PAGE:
British PM Boris Johnson drops visa charge for Indian, non-EU doctors, nurses amid Covid-19 pandemic
After a large number of migrant doctors, nurses and healthcare professions passed away, and when it became more widely known that the NHS could not deal with the coronavirus pandemic without their help, public opinion moved towards demands to scrap the surcharge.Updated: May 21, 2020 22:10 IST
Bowing to intense pressure from inside and outside the Conservative Party, Prime Minister Boris Johnson announced on Thursday the scrapping of the immigration health surcharge levied on Indian and other non-EU doctors, nurses and care workers who take up jobs in the UK.
The surcharge, currently at 400 pounds per person per year, is payable at the time of applying for UK visa. It is due to go up to 624 pounds per person per year from October, as a contribution to access treatment on the National Health Service (NHS).
After a large number of migrant doctors, nurses and healthcare professions passed away, and when it became more widely known that the NHS could not deal with the coronavirus pandemic without their help, public opinion moved towards demands to scrap the surcharge. Johnson recovering from the virus with crucial support from non-UK nurses added to the demand.
Downing Street made the announcement within 24 hours of Johnson resisting the demand in the House of Commons, on the ground that revenue from the fund – estimated to be 900 million pounds over four years – was needed to support the cash-strapped NHS.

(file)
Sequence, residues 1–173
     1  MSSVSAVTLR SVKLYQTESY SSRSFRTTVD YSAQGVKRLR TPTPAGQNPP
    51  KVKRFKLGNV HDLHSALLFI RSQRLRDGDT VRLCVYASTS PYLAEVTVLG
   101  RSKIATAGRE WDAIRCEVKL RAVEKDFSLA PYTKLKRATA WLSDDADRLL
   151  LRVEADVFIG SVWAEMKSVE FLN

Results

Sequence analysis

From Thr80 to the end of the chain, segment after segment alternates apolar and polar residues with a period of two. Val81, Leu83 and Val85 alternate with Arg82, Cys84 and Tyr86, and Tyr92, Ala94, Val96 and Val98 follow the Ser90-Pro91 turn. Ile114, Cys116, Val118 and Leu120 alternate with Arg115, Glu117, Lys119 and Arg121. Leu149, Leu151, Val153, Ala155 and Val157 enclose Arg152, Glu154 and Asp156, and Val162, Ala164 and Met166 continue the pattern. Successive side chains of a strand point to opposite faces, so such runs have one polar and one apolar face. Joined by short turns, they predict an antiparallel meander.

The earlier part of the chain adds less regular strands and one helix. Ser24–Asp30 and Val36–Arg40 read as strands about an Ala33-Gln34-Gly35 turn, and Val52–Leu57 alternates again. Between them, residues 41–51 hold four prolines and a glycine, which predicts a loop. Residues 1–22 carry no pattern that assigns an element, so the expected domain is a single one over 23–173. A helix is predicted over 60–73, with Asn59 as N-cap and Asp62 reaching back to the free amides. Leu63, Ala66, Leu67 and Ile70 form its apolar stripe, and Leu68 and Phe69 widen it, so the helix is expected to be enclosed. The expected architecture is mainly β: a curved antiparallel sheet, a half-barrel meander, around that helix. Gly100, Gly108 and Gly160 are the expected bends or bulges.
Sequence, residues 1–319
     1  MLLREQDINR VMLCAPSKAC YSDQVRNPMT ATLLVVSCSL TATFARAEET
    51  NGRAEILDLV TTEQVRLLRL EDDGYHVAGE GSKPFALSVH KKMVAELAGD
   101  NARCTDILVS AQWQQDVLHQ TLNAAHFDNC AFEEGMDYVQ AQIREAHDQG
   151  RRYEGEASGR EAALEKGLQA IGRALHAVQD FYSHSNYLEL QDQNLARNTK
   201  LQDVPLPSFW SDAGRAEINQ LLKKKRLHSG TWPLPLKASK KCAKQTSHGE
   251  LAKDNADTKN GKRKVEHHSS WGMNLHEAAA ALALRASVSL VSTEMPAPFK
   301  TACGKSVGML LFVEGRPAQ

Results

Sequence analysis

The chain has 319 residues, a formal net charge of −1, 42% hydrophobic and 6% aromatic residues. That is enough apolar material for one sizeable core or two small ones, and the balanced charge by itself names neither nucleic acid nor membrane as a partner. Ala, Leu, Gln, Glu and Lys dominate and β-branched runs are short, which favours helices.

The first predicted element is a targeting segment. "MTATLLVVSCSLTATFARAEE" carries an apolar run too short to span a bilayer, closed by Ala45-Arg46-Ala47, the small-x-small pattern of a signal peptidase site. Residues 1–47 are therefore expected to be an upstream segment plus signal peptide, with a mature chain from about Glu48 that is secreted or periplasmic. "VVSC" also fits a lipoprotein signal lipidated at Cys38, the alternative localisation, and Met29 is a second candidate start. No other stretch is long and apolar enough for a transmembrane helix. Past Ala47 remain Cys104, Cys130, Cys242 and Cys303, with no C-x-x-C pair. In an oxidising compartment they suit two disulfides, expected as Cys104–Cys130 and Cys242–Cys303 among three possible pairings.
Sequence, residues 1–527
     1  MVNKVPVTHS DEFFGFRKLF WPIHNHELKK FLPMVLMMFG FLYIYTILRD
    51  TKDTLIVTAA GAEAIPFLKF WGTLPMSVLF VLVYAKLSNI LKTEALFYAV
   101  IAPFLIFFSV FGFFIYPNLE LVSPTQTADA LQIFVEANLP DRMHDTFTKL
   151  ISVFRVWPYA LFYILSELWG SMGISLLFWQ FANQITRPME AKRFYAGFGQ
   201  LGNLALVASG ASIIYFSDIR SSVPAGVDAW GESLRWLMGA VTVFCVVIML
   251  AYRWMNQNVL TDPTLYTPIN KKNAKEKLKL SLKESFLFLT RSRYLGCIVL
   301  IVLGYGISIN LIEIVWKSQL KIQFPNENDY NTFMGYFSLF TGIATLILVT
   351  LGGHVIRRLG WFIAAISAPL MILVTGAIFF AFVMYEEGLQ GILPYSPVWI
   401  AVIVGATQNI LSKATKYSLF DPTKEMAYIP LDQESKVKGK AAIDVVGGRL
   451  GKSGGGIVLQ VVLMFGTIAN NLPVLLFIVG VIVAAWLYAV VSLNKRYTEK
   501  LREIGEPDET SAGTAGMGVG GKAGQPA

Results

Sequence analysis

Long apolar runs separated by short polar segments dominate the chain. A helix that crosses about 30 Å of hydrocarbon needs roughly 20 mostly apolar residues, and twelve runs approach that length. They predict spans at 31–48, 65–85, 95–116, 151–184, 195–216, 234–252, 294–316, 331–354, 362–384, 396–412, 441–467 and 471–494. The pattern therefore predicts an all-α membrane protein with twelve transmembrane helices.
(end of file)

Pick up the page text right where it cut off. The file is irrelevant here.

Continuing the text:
A Number 10 spokesman said: “The PM has asked the Home Office and the Department for Health and Social Care to remove NHS and care workers from the NHS surcharge as soon as possible”.
“Work by officials is now underway on how to implement the change and full details will be announced in the coming days. As the PM said in the House of Commons, he has been thinking about this a great deal. He been a personal beneficiary of carers from abroad and understands the difficulties faced by our amazing NHS staff”.
“The purpose of the NHS surcharge is to benefit the NHS, help to care for the sick and save lives. NHS and care workers from abroad who are granted visas are doing this already by the fantastic contribution which they make”.
Labour leader Keir Starmer, who raised the issue with the prime minister on Wednesday, welcomed the announcement: “Boris Johnson is right to have U-turned and backed our proposal to remove the NHS charge for health professionals and care workers”.
“This is a victory for common decency and the right thing to do. We cannot clap our carers one day and then charge them to use our NHS the next”.
Several medical associations and groups had called for the surcharge to be scrapped, including the British Association of Physicians of Indian Origin.
The development means that the surcharge will continue to be levied on Indian and other non-EU migrants who come to the UK for work in professions and sectors other than medical and healthcare sectors.